ReNu Energy CEO Chris Murray describes how his team is helping shopping centre tenants share the benefits of rooftop solar systems using behind-the-meter billing arrangements.
Surging prices for grid-supplied electricity have placed considerable pressure on Australian businesses, particularly in sectors such as retail and commercial property. Many of these businesses and the communities around them have a desire to reduce their carbon footprint with renewable energy.
For owners of commercial property such as shopping centres, higher energy costs mean there is a strong financial incentive to power electrical appliances in common areas from renewables and to make low-cost clean energy options available to tenants.
Shopping centres use a lot of power, with common areas including commercial-scale lighting systems (both indoors and in the car park), escalators, elevators, automatic doors, illuminated signage, interactive billboards, wi-fi and large air-conditioning units.
Meanwhile, the tenant stores and restaurants within the centre feature a mix of electronic sales displays, electronic display units, store signage, cool rooms, deep fryers, bain-maries, point-of-sales systems and countless other devices.
The electricity needed to run all those appliances that make your shopping trip such a pleasant experience – from the coffee machines and ovens in the food court to the projectors in the cinemas – has to come from somewhere.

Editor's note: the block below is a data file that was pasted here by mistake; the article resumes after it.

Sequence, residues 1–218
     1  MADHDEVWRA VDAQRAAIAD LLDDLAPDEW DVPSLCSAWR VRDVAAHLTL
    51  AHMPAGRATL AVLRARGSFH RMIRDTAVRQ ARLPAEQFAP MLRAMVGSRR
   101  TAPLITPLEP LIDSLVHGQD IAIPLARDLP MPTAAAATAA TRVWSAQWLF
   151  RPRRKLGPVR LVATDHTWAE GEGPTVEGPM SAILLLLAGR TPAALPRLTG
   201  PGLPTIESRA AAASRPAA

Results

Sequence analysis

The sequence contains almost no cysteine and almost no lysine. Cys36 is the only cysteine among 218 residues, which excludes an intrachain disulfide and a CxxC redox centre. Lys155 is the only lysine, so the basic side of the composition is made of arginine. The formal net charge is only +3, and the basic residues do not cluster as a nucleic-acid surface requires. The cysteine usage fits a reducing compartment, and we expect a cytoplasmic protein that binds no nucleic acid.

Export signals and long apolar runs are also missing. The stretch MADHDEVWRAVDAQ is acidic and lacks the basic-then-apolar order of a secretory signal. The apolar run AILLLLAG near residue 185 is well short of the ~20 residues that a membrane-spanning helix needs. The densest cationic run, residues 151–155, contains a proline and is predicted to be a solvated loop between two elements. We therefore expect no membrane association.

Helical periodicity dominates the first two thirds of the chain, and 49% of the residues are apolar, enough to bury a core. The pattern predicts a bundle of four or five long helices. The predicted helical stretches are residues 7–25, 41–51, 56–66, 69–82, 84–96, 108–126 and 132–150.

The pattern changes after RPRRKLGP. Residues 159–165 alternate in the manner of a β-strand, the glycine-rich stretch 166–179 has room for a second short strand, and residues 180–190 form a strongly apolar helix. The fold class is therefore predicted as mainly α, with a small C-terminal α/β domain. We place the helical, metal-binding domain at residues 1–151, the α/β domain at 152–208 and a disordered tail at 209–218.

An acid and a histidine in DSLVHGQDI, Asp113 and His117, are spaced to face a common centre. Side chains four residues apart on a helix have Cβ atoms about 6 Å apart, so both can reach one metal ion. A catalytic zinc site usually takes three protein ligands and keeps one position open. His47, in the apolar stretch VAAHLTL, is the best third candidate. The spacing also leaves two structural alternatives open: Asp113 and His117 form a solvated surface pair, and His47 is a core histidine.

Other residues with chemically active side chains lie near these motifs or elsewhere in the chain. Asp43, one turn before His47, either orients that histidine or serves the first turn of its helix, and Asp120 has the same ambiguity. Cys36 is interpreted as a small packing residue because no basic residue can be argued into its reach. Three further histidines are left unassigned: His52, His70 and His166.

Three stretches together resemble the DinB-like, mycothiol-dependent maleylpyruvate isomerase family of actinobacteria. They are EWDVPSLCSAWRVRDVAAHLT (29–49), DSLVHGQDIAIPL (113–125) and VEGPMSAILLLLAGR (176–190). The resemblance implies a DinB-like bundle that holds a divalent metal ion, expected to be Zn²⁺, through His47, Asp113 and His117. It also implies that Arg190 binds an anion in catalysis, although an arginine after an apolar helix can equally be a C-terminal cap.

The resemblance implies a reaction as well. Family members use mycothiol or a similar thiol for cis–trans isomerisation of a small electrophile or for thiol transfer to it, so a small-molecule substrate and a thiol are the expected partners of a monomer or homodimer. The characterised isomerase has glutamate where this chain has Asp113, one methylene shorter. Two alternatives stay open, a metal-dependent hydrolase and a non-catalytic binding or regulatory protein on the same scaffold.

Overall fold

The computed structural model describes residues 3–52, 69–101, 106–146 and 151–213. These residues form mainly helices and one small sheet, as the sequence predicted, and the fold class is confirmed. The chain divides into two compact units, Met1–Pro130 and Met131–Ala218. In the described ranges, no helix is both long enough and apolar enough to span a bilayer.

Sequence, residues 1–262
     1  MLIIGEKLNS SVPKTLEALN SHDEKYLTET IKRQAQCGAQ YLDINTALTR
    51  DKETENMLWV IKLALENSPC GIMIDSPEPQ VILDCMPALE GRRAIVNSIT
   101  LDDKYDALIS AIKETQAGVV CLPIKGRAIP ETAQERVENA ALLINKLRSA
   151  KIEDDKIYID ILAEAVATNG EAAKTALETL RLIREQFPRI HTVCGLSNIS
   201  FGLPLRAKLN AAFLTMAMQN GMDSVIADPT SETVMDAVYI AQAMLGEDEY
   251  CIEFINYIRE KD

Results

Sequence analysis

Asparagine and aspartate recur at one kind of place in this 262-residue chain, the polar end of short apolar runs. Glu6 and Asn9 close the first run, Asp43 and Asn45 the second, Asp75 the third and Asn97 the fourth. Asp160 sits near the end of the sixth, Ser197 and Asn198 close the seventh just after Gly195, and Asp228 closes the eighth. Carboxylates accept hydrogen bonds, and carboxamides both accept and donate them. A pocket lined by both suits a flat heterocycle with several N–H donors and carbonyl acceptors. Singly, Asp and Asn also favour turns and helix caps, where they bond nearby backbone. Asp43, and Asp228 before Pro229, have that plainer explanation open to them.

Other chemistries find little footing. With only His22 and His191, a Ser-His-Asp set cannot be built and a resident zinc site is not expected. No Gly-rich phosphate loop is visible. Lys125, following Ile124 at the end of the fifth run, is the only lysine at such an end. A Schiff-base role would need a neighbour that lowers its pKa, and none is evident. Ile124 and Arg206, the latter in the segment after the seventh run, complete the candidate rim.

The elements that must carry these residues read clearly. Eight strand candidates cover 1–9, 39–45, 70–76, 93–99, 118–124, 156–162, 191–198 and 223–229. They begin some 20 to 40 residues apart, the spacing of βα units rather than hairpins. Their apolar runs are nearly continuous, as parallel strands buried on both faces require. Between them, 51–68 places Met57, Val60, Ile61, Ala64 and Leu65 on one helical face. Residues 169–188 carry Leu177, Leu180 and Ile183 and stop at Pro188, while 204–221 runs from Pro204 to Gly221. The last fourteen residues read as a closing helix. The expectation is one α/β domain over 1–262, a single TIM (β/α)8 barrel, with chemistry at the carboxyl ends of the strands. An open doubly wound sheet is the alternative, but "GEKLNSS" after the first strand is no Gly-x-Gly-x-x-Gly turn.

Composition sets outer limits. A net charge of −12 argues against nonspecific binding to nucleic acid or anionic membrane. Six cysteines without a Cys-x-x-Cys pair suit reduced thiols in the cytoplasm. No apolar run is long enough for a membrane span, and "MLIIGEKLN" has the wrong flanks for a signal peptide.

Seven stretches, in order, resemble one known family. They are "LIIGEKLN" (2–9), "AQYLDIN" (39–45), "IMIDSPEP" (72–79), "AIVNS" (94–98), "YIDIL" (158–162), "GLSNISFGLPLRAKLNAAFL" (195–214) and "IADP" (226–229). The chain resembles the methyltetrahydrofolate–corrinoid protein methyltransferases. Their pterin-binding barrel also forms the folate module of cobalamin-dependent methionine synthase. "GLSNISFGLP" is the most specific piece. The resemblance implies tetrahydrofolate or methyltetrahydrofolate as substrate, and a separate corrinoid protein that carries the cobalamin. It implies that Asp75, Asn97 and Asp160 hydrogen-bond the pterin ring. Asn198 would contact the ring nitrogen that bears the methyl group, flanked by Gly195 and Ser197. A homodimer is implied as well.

As the price of conventional grid energy increases, so too does the cost of running all the electrical appliances that play such an important role in maintaining a comfortable shopping experience.
As a result, there is a strong financial case for controlling costs by reducing reliance on grid energy and making renewables a key part of the energy mix.
In addition to the financial benefits of adopting renewables, the simple and self-evident fact is that a store or a shopping centre powered by clean energy sources has a substantially smaller carbon footprint than one powered by grid electricity alone.
This is important for retailers and commercial property owners because there’s a growing awareness around the potential impacts of climate change.
Reducing the carbon footprint of a store or shopping centre through the adoption of clean technology is now a powerful selling point for a growing number of increasingly sophisticated and environmentally aware shoppers.
Sustainability has also become an important criterion for a growing number of investment firms and superannuation funds as investors wake up to the environmental risks and externalities associated with their investments.
As a result, making a lower-cost renewable energy option available to their tenants can potentially have a strong positive impact on the valuation of a shopping centre both through improved NABERS ratings and enhanced desirability for potential tenants.
The SCA example
With many shopping centres boasting large underutilised roof spaces, the best approach for adopting renewable energy is to install on-site photovoltaic systems through an embedded network arrangement.
A good example was the recent deal between ReNu Energy and one of Australia’s biggest shopping centre owners, SCA Property Group.
Under the agreement ReNu is deploying its solar PV systems at four major commercial sites across regional NSW and South Australia: Griffith and Lismore in NSW, and Murray Bridge and Mount Gambier in South Australia. About 2MW capacity will be installed across the four locations.
The agreement also contains scope for a roll-out to additional centres in the future, subject to a range of criteria.
How an embedded network works